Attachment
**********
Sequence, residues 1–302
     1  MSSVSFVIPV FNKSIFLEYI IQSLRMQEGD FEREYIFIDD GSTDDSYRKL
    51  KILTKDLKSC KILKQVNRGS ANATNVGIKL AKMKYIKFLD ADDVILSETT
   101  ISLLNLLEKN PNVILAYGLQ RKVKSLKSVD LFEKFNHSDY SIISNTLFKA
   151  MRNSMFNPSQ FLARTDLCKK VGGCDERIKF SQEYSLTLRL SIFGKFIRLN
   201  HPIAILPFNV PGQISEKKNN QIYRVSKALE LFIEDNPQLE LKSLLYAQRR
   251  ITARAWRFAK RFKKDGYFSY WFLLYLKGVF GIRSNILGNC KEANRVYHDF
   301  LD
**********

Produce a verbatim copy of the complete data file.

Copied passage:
Sequence, residues 1–302
     1  MSSVSFVIPV FNKSIFLEYI IQSLRMQEGD FEREYIFIDD GSTDDSYRKL
    51  KILTKDLKSC KILKQVNRGS ANATNVGIKL AKMKYIKFLD ADDVILSETT
   101  ISLLNLLEKN PNVILAYGLQ RKVKSLKSVD LFEKFNHSDY SIISNTLFKA
   151  MRNSMFNPSQ FLARTDLCKK VGGCDERIKF SQEYSLTLRL SIFGKFIRLN
   201  HPIAILPFNV PGQISEKKNN QIYRVSKALE LFIEDNPQLE LKSLLYAQRR
   251  ITARAWRFAK RFKKDGYFSY WFLLYLKGVF GIRSNILGNC KEANRVYHDF
   301  LD